DGC 2013 riding shot

Donna Carpenter and her husband Jake Burton Carpenter are the sole owners of Burton Snowboards, arguably the world’s leading snowboard company. Since 1982, Donna has held a ton of roles at Burton, which originally operated out of her Vermont barn and now has offices around the world. I was lucky enough to corner her via the intrawebs for an in-depth conversation about the evolution of the industry, her role as President of Burton, and her leadership role in the non-profit Chill Foundation, which she and Jake founded back in 1995 to bring snowboarding to youth who otherwise wouldn’t have the opportunity. If that wasn’t enough, Donna continues to oversee all efforts to ensure that Burton is an employer and brand of choice for women in the industry.

Participation is key for any sport, and snowboarding is no different. Donna talks about what she and Burton do to support growth and programs like the CHILL foundation, which takes underprivileged kids to the mountain and teaches them to snowboard, as well as taking the time to personally teach others to snowboard. Donna and Burton know that in order to grow snowboarding, you need to grow snowboarders. As a volunteer herself, Donna uses programs like CHILL and her after school program to connect to people in the industry.DGC 2013 inside shot

Like many industries, snowboarding has historically been male-dominated…and well, still is, but unlike a lot of industries, that is actually changing within snowboarding. Looking to make more women see themselves as a part of the snowboard industry, Donna not only leads by example, but also works to change that with the Women’s Leadership Initiative—an internal program that helps women get into leadership roles within Burton. Saying she will never rest on her mission to increase female participation until it’s 51% of the industry, Donna is committed to this mission.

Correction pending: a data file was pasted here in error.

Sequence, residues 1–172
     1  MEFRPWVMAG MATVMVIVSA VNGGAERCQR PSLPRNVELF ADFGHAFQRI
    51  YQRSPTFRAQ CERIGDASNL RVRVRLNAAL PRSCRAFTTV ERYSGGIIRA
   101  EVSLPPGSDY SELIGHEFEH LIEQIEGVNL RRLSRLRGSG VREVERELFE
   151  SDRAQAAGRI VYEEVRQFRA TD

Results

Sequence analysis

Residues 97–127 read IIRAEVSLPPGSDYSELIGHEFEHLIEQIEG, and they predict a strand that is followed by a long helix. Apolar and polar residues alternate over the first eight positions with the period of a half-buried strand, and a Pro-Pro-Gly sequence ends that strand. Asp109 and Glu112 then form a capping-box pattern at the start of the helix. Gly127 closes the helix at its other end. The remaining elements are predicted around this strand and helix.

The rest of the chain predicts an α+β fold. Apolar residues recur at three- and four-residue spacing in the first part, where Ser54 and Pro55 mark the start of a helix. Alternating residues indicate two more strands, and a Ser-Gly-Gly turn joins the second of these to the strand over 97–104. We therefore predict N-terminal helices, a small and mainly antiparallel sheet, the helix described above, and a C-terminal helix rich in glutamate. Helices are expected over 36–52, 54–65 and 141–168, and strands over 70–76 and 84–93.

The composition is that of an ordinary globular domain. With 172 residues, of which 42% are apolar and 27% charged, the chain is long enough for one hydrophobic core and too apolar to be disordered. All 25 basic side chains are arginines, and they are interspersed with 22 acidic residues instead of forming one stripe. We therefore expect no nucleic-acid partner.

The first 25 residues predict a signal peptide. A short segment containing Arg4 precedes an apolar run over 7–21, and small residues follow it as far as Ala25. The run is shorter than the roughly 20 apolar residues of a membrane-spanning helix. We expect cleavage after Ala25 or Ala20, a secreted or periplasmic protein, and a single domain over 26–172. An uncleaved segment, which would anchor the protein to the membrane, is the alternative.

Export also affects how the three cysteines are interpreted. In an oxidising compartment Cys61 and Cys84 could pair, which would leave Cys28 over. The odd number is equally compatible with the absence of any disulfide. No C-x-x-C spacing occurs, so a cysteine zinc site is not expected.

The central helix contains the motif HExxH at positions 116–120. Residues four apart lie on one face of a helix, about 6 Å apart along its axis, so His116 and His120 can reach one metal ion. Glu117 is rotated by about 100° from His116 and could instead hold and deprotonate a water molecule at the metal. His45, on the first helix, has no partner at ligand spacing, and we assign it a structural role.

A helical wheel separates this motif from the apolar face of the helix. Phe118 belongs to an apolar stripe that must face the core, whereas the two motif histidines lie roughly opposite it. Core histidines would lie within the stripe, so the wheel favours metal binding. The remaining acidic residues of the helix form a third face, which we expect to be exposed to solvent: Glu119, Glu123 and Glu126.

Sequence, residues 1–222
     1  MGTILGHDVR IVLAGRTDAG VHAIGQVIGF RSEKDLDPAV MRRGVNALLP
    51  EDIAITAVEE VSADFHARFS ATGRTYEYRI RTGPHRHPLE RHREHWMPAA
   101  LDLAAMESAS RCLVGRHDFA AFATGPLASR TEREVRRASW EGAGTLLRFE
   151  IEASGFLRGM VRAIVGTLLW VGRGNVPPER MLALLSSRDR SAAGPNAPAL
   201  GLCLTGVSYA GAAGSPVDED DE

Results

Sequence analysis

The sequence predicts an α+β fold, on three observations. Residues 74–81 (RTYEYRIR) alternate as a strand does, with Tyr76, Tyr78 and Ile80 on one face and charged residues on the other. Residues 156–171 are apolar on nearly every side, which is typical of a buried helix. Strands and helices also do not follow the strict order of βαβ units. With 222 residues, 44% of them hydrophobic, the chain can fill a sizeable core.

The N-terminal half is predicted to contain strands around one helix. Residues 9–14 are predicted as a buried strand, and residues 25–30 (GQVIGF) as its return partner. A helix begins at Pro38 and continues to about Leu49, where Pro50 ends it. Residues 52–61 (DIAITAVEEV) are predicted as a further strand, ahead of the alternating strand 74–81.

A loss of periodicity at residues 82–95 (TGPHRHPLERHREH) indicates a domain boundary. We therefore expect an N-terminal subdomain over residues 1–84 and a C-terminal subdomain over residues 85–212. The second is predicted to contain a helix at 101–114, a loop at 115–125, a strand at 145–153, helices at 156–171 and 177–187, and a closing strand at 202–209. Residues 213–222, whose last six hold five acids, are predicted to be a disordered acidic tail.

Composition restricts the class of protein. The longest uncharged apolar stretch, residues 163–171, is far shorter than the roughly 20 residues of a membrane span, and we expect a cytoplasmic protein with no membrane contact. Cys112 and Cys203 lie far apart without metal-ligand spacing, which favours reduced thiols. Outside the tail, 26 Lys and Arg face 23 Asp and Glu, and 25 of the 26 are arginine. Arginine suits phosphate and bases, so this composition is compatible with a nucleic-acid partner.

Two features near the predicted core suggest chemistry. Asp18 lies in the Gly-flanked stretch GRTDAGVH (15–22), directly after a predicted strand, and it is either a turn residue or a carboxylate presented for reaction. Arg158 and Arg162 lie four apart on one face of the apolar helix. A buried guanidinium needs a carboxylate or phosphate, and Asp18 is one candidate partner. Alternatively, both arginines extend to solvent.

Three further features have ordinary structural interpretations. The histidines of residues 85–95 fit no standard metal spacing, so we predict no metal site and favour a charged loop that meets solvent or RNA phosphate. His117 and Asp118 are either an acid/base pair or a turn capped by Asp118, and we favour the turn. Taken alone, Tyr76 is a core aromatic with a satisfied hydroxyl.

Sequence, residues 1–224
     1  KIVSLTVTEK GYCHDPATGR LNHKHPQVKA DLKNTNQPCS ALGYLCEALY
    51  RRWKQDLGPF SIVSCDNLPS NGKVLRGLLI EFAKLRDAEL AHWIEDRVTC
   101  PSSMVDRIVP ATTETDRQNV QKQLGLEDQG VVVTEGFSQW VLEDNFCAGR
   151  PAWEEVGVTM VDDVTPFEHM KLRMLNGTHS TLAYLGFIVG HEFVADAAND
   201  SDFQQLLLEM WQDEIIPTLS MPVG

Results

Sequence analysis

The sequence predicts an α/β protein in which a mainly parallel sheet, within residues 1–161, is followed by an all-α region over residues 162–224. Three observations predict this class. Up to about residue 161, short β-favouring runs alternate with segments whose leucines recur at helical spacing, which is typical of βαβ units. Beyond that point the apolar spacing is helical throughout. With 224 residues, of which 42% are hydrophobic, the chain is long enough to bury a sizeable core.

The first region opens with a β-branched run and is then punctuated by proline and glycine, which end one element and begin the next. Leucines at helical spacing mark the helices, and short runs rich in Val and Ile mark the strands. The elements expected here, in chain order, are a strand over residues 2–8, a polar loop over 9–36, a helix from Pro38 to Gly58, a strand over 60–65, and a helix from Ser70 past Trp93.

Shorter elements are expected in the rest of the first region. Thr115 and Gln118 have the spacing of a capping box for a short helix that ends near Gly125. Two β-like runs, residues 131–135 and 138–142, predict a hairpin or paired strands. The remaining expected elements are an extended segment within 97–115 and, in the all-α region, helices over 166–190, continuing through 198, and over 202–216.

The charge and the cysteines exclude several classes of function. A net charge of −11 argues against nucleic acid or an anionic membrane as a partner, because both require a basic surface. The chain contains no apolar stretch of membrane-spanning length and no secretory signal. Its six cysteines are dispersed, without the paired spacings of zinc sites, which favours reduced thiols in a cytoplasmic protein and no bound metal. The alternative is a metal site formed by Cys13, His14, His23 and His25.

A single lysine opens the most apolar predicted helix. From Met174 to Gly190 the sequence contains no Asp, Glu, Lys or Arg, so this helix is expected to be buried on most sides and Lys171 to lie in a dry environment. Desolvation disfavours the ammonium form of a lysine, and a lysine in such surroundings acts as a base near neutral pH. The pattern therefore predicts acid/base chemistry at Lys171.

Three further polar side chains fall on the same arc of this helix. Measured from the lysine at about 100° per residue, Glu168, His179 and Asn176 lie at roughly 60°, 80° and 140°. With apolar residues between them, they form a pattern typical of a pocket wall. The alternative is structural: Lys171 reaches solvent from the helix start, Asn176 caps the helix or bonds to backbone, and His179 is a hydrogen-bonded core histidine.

Burton Pillow Fight - Stevens Pass

P:  Tara Sanborn L: Stevens Pass, WA

In addition to using the non-profit CHILL and women’s outreach to boost participation and accessibility, Burton is working to create a sustainable brand. Yup, the “hot topic” that everyone talks about supporting but Burton is starting to set the bar for industry standards. Through partnerships with Mountain Dew and Bluesign, Burton is looking for ways to increase their sustainability and decrease their impact on the environment, and they aren’t afraid to wear that badge loud and proud. Whether it’s working along every step of the product process to ensure a clean as possible production, creating products that utilize recycled materials, or even going zero-waste at events like the US Open of Snowboarding, sustainability has been worked throughout the entire company.

In the podcast Donna touches on many aspects on what makes her a great leader as well as what Burton is doing for the good of the snowboard industry. From working to increase participation and boosting the role of women in the industry, to staying true to snowboarding and working to make a more sustainable company, Donna and Burton are on the right track in my book. Check out the podcast and let me know what you think by chiming in on the comments below.

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Additional Links:
NYTimes Article feat. Donna

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